When visiting Chichen Itzá, most people usually also visit a nearby cenote called Ik Kil. Undoubtedly it is one of the most beautiful cenotes in Yucatán (there are more than 6,000), and it is one of the busiest too. When talking to friends from Yucatán, they told me that it is indeed an amazing place. However, they admitted too that it is probably not the best idea to go there in mid July.
We were indecisive about visiting Ik Kil, but we were not about visiting Chichen Itzá, so once there, after queuing for like half an hour and seeing that most groups of tourists were on some kind of package tours that would take them to Ik Kil after the pyramids, we decided not to go there. Most of TripAdvisor’s reviews warn about its being crowded anyway, so my friend, after searching for a while, found a thread where people talk about cenotes that are not that crowded. That’s how she heard of Yokdzonot.
You could argue that crowded places are so because they’re also the coolest, but is it really worth it to visit an incredible location if you can’t really experience it because of crowds? It is not only a matter of how much you enjoy toilet queues, unwanted physical contact, iPad pictures and crying toddlers, it is a matter of sustainability too.
Most natural locations are not prepared for large numbers of people at a time and, even if marketing makes them look like the most wonderful sites of its kind, it is likely that there are many more less developed places that are just as beautiful, just not as advertised. Visiting not-very-hyped natural locations responsibly might also help grow the economies of the communities that live there instead of those of big-chain hotels. So why not skip the eternal queues?
This was the speech I gave to myself while driving to the small town of Yokdzonot, in search of the cenote of the same name. The first sign that you’re visiting a great place (or that you’re undoubtedly driving towards your death) is the absence of official road signs to direct you. Instead we got handmade signs at random places and a very big, very old fashioned sign on top of a house: a giant arrow pointing very vaguely at the west or the ground, under huge letters that read CENOTE. And a piece of advice here, don’t trust Google maps.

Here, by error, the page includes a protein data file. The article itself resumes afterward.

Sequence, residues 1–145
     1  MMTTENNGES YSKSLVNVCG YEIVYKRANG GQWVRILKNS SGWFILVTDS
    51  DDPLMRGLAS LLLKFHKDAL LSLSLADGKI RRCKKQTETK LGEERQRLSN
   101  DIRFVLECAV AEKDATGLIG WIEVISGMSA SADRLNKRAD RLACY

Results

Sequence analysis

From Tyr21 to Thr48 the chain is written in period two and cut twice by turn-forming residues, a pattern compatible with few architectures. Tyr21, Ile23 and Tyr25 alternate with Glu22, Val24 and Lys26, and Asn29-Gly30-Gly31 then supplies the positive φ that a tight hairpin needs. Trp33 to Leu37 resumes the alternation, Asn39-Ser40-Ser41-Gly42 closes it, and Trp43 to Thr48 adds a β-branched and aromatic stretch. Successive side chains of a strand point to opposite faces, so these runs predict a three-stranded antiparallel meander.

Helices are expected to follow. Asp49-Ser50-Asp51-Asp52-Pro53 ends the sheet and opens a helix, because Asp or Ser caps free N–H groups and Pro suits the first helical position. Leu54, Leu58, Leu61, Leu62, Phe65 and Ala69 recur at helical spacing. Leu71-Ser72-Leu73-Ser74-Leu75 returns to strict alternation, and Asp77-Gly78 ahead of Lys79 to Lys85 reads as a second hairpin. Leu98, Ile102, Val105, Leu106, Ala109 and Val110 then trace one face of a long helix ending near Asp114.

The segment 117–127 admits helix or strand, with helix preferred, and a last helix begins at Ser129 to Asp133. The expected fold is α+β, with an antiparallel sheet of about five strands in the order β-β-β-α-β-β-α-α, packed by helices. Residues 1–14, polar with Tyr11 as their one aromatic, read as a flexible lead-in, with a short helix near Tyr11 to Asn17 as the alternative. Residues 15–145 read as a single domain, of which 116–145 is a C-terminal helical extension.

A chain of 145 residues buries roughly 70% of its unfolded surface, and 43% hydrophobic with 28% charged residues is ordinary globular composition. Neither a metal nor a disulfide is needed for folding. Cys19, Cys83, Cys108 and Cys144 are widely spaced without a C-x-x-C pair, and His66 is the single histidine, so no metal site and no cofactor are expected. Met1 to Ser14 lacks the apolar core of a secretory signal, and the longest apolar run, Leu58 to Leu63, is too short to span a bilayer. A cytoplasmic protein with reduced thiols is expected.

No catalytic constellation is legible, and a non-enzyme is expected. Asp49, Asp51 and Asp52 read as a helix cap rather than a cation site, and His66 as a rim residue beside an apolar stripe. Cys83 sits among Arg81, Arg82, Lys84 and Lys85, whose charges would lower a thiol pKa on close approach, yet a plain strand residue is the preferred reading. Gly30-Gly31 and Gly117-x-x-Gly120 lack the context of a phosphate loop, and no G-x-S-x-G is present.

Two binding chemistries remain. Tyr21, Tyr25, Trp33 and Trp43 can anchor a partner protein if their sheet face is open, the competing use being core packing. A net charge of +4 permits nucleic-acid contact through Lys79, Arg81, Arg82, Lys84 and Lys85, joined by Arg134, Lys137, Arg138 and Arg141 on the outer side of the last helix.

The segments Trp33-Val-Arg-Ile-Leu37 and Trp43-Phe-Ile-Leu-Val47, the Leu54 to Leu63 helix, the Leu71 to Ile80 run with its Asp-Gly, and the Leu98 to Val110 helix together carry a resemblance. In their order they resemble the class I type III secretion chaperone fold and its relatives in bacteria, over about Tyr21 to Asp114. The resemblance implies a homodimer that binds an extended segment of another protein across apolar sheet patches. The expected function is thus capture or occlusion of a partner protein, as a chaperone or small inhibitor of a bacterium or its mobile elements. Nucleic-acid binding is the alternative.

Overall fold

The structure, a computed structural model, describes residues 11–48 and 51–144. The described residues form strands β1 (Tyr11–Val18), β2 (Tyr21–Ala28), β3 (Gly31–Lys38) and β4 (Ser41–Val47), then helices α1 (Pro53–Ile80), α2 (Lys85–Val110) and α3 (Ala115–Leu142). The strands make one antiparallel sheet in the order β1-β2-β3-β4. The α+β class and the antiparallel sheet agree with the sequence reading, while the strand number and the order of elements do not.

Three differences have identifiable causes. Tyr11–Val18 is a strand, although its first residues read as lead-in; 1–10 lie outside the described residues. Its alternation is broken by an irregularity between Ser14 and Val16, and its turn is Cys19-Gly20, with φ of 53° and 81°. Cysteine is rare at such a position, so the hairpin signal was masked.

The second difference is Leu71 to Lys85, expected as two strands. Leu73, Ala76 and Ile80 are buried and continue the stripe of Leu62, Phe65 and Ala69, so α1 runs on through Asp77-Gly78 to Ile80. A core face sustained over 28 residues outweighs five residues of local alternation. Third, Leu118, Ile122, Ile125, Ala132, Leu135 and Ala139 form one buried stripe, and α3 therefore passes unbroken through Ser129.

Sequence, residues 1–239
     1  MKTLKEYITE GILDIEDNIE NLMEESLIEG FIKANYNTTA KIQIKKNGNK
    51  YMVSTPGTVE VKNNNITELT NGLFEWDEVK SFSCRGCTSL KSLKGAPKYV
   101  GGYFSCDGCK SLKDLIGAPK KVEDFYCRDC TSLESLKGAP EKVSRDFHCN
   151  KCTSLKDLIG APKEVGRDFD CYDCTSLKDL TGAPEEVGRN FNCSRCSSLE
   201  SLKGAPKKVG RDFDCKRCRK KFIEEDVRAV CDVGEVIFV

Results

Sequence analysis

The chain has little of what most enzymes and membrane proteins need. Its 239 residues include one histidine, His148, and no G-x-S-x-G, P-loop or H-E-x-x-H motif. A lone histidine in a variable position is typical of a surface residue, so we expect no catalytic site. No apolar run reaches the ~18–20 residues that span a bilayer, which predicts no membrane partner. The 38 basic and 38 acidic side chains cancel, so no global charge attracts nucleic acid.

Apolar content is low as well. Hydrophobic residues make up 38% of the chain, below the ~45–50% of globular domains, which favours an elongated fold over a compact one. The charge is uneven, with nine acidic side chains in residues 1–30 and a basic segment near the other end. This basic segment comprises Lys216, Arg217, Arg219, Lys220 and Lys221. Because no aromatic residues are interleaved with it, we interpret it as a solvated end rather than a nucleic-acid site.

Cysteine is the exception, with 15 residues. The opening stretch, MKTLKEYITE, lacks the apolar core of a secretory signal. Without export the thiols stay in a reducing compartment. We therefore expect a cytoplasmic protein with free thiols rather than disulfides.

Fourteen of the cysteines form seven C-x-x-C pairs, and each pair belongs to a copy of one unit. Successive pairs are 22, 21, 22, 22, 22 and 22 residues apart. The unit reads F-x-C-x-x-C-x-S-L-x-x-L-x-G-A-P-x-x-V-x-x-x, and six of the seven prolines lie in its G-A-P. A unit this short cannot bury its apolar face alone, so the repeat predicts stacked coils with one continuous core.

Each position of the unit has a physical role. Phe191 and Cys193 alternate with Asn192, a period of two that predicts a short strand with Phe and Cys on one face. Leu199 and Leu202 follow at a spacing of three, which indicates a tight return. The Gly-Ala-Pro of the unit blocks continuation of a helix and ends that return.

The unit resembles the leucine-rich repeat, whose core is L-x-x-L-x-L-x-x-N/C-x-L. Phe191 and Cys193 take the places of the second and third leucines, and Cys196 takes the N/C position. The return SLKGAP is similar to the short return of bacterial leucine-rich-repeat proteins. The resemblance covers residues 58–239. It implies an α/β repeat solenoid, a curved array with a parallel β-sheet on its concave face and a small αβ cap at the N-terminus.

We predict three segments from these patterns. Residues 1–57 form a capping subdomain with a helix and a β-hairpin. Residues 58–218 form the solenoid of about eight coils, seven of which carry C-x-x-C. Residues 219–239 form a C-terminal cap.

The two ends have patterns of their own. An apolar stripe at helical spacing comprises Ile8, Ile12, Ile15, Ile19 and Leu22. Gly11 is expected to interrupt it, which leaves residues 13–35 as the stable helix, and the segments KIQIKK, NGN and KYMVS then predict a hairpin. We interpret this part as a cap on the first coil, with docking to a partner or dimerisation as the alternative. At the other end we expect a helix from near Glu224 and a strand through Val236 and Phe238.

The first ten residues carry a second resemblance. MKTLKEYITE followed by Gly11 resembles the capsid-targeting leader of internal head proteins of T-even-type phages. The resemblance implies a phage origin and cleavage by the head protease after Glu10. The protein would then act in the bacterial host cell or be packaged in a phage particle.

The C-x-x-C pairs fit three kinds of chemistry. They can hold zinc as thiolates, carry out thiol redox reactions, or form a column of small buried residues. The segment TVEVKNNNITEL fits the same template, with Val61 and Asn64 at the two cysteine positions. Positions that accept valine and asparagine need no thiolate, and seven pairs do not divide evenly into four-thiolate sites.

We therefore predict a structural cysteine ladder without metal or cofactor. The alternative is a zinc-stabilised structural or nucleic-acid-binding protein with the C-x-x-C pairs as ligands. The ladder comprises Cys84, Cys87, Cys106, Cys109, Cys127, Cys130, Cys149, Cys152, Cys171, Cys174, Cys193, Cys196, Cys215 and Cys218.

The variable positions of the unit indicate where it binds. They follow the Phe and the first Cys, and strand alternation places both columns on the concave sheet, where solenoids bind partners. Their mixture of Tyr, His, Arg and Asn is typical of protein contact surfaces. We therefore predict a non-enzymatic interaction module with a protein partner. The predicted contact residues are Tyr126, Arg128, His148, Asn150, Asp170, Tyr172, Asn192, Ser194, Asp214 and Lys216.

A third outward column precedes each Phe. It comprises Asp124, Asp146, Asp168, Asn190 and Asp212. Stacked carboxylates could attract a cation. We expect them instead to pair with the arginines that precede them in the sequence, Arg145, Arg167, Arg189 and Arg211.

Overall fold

We made it to the cenote after a bit of blundering. The entrance to the area where the cenote is consisted of a palapa where you could get your tickets, which included a mandatory lifevest, and optionally rent some snorkeling equipment. The fee was only $70 mxn, the cheapest fee we had in the whole holiday. Once inside we saw that there was a restaurant, a resting area with hammocks and chairs and some ziplines. We decided to go to the cenote first though, and descended a series of slippery stairs that led a magnificent view. Everything you imagine a cenote is, Yokdzonot is. It’s like a huge round hole in the ground filled with the bluest water, lianas and thin, tall trees growing from the walls, hundreds of birds chirping and flying in circles near the water, huge stalactites coming down from the roofs of the small caves around the cenote. It really is a mystical experience to look at the way the light falls on the water, filtered by the many roots and leaves.
There must have been some other ten people there with us, half of them children. We did have the place almost to ourselves and the only downside was the mandatory use of lifevest (it is understandable though, the cenote is aproximately 40 meters deep altough they can’t really say). If you’re in Yucatán, I would definitely recommend Yokzonot for a chill day; it is not as exciting as other, bigger cenotes, but it’s definitely a place to admire nature. Also, the place is run by a cooperative of local people, so you’d be definitely helping the local economy.
My pictures of this one were really bad too, so here’s a video instead.
Have you visited any cenotes?